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Absorption, Translocation, and Metabolism of Rimsulfuron in Black Nightshade (Solanum nigrum), Eastern Black Nightshade (Solanum ptycanthum), and Hairy Nightshade (Solanum sarrachoides)

  • John A. Ackley (a1), Kriton K. Hatzios (a1) and Henry P. Wilson (a1)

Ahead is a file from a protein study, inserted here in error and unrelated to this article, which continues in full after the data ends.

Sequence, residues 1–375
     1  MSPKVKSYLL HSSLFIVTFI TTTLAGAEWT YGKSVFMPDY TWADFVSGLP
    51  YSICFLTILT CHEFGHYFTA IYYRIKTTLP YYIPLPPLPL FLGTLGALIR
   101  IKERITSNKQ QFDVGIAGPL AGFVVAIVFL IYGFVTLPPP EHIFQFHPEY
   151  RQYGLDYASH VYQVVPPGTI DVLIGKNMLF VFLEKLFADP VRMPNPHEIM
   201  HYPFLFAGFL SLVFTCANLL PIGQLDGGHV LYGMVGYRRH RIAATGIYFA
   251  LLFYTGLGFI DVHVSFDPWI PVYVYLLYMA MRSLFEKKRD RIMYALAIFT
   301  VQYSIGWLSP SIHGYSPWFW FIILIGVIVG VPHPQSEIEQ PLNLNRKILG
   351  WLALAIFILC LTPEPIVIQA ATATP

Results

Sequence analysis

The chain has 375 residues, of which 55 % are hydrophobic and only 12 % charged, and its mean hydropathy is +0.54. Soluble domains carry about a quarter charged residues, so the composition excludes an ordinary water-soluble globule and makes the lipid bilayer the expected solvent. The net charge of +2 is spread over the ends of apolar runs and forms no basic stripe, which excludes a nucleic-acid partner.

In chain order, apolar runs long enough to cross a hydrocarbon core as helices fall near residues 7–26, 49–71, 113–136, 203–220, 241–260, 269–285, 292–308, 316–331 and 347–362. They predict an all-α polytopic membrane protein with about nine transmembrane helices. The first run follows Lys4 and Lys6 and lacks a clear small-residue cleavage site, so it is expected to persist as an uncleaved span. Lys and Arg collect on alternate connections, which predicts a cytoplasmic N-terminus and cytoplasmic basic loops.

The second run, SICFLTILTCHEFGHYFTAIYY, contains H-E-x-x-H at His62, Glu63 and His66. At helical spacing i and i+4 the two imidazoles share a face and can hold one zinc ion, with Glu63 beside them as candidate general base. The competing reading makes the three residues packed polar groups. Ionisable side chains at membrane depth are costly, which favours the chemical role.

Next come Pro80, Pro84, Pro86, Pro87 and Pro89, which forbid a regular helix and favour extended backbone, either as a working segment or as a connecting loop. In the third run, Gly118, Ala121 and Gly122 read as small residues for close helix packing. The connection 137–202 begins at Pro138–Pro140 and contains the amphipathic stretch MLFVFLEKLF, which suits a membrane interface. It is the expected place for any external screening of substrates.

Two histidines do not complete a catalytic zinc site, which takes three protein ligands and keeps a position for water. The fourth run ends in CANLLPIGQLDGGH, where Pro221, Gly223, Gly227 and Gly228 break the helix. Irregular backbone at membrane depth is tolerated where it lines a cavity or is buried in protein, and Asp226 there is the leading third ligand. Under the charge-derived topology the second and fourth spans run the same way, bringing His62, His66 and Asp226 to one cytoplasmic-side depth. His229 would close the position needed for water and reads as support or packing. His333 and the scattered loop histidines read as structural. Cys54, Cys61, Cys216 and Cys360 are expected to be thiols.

Absorption, translocation, and metabolism of rimsulfuron were studied in three solanaceous weeds. Eastern black nightshade is sensitive (> 95% injury), hairy nightshade is moderately sensitive (50 to 99% injury), and black nightshade is tolerant to rimsulfuron postemergence (POST). Seedlings at the four- to six-leaf stage were treated with foliar-applied 14C-labeled rimsulfuron for 3, 6, 24, and 48 h after treatment. Absorption of rimsulfuron by all weeds increased with time. Black and eastern black nightshade absorbed comparable amounts of radioactivity at each exposure time. Hairy nightshade absorbed less radiolabeled herbicide than the other two nightshades at any treatment time. Hairy nightshade absorbed 54% of the applied radioactivity at 48 h, compared to 74% absorbed by the other weeds. Translocation of rimsulfuron out of the treated leaf was rapid in all species. Black and eastern black nightshade translocated 50 to 70% of the absorbed radioactivity out of the treated leaf with 40 to 50% moving to the upper foliage. In hairy nightshade, about 40% of the absorbed radioactivity translocated out of the treated leaf with equal amounts moving to the upper and lower foliage. Metabolism of 14C-rimsulfuron was rapid in the three nightshades with approximately 54% remaining as rimsulfuron at 3 h after treatment. The levels of the detected metabolites of rimsulfuron were similar in the three nightshade weeds. Differential early uptake and translocation may account for the differential sensitivity of these nightshade species to rimsulfuron.


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